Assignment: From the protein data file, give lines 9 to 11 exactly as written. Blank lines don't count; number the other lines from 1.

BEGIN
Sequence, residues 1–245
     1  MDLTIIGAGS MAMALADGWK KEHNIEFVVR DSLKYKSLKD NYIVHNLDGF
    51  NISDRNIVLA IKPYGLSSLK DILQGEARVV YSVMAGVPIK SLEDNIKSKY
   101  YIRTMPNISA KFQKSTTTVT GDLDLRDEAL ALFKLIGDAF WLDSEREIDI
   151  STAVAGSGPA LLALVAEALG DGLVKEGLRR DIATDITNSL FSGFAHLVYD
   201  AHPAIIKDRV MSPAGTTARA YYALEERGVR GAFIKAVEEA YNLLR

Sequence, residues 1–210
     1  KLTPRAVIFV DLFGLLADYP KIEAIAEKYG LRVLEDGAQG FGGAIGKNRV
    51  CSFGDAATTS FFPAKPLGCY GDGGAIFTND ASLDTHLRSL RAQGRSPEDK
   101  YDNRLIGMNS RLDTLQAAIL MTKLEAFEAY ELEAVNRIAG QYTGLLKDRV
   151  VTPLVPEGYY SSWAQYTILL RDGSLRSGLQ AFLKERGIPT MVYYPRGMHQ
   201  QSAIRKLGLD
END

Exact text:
    51  CSFGDAATTS FFPAKPLGCY GDGGAIFTND ASLDTHLRSL RAQGRSPEDK
   101  YDNRLIGMNS RLDTLQAAIL MTKLEAFEAY ELEAVNRIAG QYTGLLKDRV
   151  VTPLVPEGYY SSWAQYTILL RDGSLRSGLQ AFLKERGIPT MVYYPRGMHQ